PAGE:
UNITED24 - Make a charitable donation in support of Ukraine!


Russian diplomat warns of rising tensions in north Kosovo

RIA Novosti

06/05/2009 17:48 SARAJEVO, May 6 (RIA Novosti) - A Russian diplomat in Kosovo warned on Wednesday that Serb protests in the north of the province could lead to violent clashes with ethnic Albanians.

Serbs are protesting against the return of ethnic Albanians to homes in predominantly Serb areas of Kosovska Mitrovica. The European Union's EULEX security mission is overseeing the project.

"The Serbs' protests against work to rebuild Albanians' houses have entered a second week. The Serb demonstrations are being dispersed each day by EU police forces... This situation is potentially explosive," Andrei Dronov, the head of the Russian secretariat in Pristina, told RIA Novosti.

The Serbs are demanding a ban on the return of ethnic Albanians until the same opportunity is provided to Serbs in the southern, Albanian-dominated part of the city. Kosovska Mitrovica is split into predominantly Albanian and Serb sectors by the Ibar River.

A Serb rally was dispersed by police earlier on Wednesday. No injuries have been reported. During a similar rally on Monday, one protester was injured.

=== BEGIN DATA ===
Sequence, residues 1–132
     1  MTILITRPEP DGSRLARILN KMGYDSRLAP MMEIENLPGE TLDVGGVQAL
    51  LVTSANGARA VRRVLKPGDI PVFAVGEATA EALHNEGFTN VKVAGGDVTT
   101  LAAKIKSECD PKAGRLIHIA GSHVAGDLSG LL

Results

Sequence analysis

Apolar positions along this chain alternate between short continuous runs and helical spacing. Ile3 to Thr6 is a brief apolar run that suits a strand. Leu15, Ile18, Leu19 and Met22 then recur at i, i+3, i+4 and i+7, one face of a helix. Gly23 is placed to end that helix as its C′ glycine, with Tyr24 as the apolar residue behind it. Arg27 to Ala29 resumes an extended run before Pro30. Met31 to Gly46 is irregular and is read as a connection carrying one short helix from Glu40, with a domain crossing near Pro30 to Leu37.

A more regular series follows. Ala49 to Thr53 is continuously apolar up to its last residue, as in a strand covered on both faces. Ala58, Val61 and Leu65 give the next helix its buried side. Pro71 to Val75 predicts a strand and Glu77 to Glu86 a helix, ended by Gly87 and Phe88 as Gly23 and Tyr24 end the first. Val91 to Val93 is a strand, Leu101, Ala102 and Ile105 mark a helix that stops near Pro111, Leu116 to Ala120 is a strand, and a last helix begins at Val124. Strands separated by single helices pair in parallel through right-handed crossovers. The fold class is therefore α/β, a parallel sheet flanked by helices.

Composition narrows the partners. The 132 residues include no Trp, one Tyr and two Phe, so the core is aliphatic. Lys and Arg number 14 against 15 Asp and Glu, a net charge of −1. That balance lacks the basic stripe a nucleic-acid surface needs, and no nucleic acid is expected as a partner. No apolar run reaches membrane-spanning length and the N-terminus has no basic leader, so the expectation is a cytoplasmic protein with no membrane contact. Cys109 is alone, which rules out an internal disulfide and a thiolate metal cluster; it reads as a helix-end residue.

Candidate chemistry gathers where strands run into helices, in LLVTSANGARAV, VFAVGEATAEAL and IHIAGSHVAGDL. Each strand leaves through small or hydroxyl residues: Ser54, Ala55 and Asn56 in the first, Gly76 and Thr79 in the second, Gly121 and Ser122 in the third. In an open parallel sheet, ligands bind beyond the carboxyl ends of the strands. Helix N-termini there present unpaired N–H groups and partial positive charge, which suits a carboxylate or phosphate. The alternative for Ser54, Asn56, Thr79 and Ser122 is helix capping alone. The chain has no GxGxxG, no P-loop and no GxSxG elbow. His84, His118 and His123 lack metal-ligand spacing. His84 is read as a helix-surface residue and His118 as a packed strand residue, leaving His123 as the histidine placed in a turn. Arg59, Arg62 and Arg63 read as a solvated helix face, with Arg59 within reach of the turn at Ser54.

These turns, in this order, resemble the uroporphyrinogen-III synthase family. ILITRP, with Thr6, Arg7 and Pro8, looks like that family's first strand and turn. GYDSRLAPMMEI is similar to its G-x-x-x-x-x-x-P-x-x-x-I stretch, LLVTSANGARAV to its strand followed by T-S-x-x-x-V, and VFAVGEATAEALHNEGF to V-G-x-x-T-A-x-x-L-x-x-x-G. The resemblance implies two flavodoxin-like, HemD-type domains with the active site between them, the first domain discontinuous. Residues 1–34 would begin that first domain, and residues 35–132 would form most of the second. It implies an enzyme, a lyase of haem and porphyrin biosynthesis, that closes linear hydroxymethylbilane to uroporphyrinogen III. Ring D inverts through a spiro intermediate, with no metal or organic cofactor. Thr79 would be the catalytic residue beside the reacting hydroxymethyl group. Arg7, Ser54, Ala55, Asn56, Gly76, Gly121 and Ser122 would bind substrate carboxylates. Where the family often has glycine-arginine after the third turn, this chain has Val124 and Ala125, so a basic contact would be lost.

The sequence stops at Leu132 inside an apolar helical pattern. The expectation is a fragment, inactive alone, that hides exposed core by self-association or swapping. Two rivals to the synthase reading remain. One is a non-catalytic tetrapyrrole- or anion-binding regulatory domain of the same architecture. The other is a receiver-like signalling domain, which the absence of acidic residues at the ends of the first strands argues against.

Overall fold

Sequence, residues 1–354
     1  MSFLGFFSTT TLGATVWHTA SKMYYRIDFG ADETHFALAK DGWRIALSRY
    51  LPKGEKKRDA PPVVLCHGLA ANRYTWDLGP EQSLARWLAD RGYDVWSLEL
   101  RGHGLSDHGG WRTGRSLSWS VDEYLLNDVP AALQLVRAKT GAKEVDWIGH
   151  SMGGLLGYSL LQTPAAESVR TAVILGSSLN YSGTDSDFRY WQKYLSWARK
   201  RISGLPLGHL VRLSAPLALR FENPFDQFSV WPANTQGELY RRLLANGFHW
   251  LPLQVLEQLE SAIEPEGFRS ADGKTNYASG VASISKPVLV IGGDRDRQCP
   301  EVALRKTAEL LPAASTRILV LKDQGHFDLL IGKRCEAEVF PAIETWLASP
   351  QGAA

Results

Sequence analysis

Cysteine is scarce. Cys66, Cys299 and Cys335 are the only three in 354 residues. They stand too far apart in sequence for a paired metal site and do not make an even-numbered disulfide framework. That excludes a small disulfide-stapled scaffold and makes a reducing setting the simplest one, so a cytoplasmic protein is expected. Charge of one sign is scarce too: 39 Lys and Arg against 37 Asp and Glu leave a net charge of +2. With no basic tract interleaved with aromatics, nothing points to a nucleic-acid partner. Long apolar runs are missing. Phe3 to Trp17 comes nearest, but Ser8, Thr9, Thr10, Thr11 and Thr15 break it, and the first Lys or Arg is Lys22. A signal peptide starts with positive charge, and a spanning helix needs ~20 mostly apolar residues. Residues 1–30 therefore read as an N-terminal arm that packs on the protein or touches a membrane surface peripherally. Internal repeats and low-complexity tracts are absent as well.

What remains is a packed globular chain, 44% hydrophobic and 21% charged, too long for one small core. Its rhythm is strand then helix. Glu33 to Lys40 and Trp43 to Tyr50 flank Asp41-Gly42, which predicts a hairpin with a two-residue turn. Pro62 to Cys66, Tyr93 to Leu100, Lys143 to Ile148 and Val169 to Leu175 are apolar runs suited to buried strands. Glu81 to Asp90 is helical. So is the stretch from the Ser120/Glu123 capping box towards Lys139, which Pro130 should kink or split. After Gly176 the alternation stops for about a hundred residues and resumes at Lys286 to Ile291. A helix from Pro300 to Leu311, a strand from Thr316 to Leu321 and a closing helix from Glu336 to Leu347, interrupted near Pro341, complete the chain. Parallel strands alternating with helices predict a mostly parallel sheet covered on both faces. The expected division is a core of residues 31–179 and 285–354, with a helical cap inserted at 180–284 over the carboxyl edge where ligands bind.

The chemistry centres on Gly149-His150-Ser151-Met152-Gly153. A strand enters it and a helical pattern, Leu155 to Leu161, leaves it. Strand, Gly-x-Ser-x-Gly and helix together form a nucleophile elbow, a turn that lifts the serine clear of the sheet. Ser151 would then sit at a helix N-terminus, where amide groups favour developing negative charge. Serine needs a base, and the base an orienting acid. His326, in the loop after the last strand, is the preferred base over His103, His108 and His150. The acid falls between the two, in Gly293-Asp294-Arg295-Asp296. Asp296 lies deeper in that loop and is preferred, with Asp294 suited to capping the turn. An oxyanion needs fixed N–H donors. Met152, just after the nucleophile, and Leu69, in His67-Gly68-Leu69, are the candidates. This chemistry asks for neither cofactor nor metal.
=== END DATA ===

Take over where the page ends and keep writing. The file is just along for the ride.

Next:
"We believe the process of returning Albanian refugees has not been authorized by the Serb community, and that the reconstruction of buildings is the main cause of this negative reaction," the Russian diplomat said.

Tensions flared on April 27 when EU police, backed by the NATO-led peacekeeping force KFOR, fired teargas at Serb demonstrators attempting to enter an ethnic-Albanian area of the city.

Tear gas was also used last Thursday by NATO forces and EU police on a small gathering of around 50 Serb protesters.

On negotiations between the Serbs and the EU, Dronov said: "I do not see any serious results in this direction. The European Union Rule of Law Mission in Kosovo (EULEX) supports the Albanian side."

Kosovo declared its independence from Serbia in February 2008, and has been recognized by 58 of the 192 UN member states.


Join the GlobalSecurity.org mailing list